The virtue of selfishness


This morning I finished reading Ayn Rand’s ‘The Fountainhead’, allergist a 1943 novel about the battle between individualism and collectivism. I bought the second edition (1947) of the book three weeks ago in a second-hand bookshop. A sticker showed that the book had been sitting on a shelve since July 2001.

The story is compelling, illness although the dialogues are sometimes a bit artificial, cure particularly when Rand is pushing the philosophical (and ideological) aspects of her thought. For example, Ellsworth Toohey’s final conversation with Peter Keating reminded me of a villain confessing his abject plans to Batman: a long and detailed explanation, although Keating is no Batman but a beaten man.

Nevertheless, I tend to agree with Rand’s diagnostic: second-handers have condemned creators, and their ideals for centuries. As Howard Roark (the protagonist) puts it in his trial:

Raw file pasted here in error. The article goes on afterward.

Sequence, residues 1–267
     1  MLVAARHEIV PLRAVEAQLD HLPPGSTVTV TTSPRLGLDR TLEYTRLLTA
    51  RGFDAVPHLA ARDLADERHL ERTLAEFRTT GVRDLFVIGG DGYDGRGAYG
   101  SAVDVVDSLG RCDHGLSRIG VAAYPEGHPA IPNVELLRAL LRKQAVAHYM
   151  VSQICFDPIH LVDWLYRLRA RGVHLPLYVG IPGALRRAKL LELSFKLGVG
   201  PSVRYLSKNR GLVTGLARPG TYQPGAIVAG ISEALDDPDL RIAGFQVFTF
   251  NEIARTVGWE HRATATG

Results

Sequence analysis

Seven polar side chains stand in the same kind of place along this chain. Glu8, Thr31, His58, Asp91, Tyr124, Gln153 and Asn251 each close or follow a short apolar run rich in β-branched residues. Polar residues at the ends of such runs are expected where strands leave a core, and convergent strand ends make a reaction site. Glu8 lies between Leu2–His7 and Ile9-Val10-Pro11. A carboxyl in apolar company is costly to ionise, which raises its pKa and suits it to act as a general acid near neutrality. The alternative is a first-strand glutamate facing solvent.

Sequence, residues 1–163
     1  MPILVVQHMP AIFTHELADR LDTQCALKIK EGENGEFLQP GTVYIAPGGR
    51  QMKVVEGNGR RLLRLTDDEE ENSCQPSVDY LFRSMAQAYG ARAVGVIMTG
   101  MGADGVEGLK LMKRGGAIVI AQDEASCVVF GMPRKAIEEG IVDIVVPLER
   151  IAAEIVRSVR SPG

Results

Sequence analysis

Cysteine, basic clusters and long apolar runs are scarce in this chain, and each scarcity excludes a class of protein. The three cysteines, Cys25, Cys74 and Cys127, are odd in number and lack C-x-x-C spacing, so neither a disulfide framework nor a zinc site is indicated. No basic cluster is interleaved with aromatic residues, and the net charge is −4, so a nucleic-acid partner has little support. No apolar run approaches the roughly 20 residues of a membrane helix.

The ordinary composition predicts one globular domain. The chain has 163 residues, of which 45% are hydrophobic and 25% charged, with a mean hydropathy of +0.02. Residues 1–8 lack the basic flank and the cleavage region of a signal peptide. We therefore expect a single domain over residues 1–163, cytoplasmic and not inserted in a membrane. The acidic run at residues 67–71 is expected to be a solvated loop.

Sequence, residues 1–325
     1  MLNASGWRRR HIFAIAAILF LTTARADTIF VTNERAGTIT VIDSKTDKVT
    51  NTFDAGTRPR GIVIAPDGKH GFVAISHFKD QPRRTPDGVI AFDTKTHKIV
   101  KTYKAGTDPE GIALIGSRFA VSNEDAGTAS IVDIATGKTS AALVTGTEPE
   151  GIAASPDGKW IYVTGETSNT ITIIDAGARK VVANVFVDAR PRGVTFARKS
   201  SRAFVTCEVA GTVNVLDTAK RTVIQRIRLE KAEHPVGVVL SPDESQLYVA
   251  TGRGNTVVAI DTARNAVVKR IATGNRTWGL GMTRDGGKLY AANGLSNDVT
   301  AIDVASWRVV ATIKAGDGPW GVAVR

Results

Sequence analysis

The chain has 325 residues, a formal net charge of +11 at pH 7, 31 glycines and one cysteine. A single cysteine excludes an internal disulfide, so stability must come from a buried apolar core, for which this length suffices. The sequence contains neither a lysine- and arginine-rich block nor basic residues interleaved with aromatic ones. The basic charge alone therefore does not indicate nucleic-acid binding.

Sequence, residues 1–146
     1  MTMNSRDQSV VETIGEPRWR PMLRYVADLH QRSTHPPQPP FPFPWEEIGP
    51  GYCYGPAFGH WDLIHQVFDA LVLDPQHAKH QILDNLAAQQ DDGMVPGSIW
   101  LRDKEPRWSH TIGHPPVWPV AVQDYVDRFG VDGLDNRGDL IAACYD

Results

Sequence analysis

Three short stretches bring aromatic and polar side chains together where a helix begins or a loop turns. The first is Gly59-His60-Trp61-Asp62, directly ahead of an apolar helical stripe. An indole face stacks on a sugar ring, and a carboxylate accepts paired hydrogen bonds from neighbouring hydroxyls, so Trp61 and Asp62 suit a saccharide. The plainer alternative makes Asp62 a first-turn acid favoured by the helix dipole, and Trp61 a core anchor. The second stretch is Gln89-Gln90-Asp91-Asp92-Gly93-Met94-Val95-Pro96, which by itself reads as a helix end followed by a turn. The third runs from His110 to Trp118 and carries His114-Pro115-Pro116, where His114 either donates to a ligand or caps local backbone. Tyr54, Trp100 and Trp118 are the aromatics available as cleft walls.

No man can live for another. He cannot share his spirit just as he cannot share his body. But the second-hander has used altruism as a weapon of exploitation and reversed the base of mankind’s moral principles. Men have been taught every precept that destroys the creator. Men have been taught dependence as a virtue.

Men have been taught that the ego is synonym of evil, and selflessness the ideal of virtue. But the creator is the egotist in the absolute sense, and the selfless man is the one who does not think, feel, judge or act. These are functions of the self.

A man thinks and works alone. A man cannot rob, exploit or rule — alone. Robbery, exploitation and ruling presuppose victims. They imply dependence. They are the province of the second-hander.

I did enjoy the book and will go back to the second-hand bookshop to look for Atlas shrugged. By the way, the title of this post comes from a book of essays I am reading at the moment. As with any philosophy, I will treat Ayn Rand’s objectivism with a pinch of salt: it has valuable ideas, but it is not the ‘one size fits all’ solution for all the problems of the world.

Filed in books, language, politics

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  1. 30/03/2009This time is Calvino - Quantum Forest say:

    [...] From ‘Uncle Tom’s cabin’§ when I was nine, to ‘The Fountainhead’§ when I was a teenager, to ‘The literature machine’ seven years ago. Most likely there [...]

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